Love and Loss

Seeing that the last draft on this blog was in March astounds me.  Even worse, I’ve published nothing here since November of 2012.  I lost hope.  Even as I tried to grab at the tattered remnants of the gorgeous golden thread of it, my fingers slipped.  You could say it was a nervous breakdown.  Strong as my spirit can be, the last few years have been especially rough for all of us riding through the universe on our lovely mother, earth.  We are trying to cope with so many stressors at once, and our Great Mother, who supports us all has been getting sicker and sicker.  Species are disappearing, cruelty has been splashed across the news at every turn and if we love our fellow beings it seems cowardly to look away.  Day after day then, we watch the losses mount and hope that our species has enough intelligence to overcome our greed for things.  Each centimeter of wilderness that is lost costs our hearts and souls on some level.  Even as spring arrived, and the trees burst forth with blooms; even as we delighted in a family of fox that took up residence in a mound on our land, still the world seemed fallow.

My birth mother is suffering, and has been since the death of my father.  One accident or illness after another has beset her, and a frightened child took up residence within me.  It became to risky to call and hear the pain in her voice.  God bless my three sisters who would call every day, as I barely managed a weekly check-in.  Lucky enough to see her for mother’s day, I rode many hours in a car driven by a spiritual warrior to get there.  My sister, Anne, has maintained her writing throughout every crisis, every set-back, every let-down as she crusaded for the quality of each human life she offers her wisdom to, and forded the river of deep despair that seeing the gridlock in our nation’s capital has on all but the most powerful lobbies;  allowing our mother to be strafed of life, fracked/raped for the resources we can still violently drag from her depths.  Even through her fallow times, she has prevailed.  I respect her so deeply for that.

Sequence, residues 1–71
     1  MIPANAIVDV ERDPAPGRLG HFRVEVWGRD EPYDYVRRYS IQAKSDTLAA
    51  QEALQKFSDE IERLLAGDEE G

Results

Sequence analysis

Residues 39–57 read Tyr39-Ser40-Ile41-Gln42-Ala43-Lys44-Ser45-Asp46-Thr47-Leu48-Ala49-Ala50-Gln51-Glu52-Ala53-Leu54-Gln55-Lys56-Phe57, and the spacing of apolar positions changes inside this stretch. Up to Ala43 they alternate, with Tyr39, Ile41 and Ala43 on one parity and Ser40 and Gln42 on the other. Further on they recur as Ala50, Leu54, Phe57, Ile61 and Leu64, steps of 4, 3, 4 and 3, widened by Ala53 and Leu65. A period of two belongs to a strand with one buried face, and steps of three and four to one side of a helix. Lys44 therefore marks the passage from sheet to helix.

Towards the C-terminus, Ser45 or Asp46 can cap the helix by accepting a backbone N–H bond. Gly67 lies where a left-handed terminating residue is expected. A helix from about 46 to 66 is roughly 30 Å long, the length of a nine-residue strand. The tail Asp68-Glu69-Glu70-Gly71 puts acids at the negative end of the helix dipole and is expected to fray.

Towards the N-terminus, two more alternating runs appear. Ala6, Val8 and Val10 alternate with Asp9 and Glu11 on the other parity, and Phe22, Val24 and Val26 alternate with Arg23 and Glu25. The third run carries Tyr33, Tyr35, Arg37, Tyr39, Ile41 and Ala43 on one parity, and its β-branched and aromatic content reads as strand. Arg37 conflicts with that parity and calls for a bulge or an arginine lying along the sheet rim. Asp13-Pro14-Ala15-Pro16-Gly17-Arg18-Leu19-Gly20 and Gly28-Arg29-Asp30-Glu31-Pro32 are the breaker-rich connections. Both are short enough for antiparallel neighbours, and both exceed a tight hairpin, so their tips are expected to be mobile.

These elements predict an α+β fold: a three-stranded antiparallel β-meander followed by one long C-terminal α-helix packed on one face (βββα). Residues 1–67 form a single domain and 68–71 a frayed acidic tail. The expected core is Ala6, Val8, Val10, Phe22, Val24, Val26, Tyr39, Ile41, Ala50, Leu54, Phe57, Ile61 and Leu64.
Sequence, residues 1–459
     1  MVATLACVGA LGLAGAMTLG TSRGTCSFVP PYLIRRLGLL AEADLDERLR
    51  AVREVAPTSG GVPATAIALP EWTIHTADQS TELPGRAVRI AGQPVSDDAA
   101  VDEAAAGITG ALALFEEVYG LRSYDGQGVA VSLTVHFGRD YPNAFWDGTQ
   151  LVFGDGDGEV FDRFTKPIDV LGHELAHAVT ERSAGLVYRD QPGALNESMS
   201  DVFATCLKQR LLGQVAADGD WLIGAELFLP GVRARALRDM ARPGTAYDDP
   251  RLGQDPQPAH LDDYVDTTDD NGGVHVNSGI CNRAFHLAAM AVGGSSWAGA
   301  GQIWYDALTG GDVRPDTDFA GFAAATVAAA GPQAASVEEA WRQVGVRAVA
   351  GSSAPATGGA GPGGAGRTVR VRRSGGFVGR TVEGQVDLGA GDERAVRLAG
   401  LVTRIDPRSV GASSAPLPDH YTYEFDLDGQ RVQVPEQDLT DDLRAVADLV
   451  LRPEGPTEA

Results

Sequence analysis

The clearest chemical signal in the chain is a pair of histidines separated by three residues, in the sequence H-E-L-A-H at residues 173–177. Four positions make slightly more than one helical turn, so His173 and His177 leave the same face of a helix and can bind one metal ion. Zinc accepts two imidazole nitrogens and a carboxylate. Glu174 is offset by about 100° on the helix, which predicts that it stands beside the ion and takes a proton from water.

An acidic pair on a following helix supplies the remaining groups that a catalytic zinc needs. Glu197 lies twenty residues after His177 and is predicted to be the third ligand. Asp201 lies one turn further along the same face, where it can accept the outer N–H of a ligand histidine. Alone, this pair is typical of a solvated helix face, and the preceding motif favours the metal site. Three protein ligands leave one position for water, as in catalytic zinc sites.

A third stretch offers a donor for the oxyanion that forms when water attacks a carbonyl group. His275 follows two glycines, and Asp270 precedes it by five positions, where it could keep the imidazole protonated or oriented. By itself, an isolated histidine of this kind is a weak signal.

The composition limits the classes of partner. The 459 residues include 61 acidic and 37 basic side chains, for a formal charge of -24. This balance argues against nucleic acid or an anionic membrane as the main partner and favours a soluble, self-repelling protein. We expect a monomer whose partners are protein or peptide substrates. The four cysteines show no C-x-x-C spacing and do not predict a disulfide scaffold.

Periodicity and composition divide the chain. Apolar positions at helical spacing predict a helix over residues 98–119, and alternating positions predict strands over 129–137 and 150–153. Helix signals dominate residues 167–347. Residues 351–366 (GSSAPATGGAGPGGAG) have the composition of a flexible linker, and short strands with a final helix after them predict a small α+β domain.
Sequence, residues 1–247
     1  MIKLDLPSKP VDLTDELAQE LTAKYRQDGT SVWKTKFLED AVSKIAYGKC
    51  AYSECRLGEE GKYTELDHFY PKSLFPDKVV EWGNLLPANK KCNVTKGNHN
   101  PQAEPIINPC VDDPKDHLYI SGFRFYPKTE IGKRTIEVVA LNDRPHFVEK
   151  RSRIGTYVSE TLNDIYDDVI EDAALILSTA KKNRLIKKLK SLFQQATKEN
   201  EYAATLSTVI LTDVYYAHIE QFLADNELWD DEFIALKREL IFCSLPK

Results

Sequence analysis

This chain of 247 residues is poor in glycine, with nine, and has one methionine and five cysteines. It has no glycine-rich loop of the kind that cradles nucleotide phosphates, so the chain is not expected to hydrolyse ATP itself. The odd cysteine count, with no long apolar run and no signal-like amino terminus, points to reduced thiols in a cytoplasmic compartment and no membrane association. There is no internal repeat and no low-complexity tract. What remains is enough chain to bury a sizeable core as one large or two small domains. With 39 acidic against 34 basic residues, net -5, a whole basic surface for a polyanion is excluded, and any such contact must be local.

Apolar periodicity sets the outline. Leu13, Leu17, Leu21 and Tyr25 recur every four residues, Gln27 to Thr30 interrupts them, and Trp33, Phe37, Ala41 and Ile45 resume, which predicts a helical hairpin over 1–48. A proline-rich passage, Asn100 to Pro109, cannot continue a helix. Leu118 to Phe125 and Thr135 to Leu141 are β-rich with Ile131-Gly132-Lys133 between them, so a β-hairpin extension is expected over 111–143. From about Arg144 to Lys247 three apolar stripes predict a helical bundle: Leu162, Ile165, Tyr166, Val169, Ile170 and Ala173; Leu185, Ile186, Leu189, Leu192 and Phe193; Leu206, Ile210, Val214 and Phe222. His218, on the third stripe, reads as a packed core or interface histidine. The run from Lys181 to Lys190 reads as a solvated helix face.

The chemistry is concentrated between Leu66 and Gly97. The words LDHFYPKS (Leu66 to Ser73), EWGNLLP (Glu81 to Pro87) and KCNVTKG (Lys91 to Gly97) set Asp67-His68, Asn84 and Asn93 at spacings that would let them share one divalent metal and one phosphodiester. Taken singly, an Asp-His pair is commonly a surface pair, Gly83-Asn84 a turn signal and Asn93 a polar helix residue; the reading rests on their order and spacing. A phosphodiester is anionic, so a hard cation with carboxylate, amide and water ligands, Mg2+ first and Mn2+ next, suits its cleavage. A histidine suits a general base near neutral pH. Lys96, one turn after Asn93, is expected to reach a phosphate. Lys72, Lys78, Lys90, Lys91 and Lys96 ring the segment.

My sisters, brother and I are all trying to comprehend what life without our earthly parents will be like.  Each of us is trying to cope in our own way.  Today, rather than working against my self, I am attempting to open the vein of creativity again.  I am putting my faith in the regenerative qualities of letting that blood flow forth, knowing there is always a new supply waiting to refill it.  Loss is as much a part of life as the cry of the newborn child, fox, wolf, of any sentient being.  It cannot be denied if we want to move with the natural rhythm of this earth.  Contemplating all of this, I send you blessings, peace and Namaste‘.  The light of spirit remains however dark our surroundings may seem.  May all of our lights be bright this day, and may strength flow into you like the sap in the trees.

Baby Steps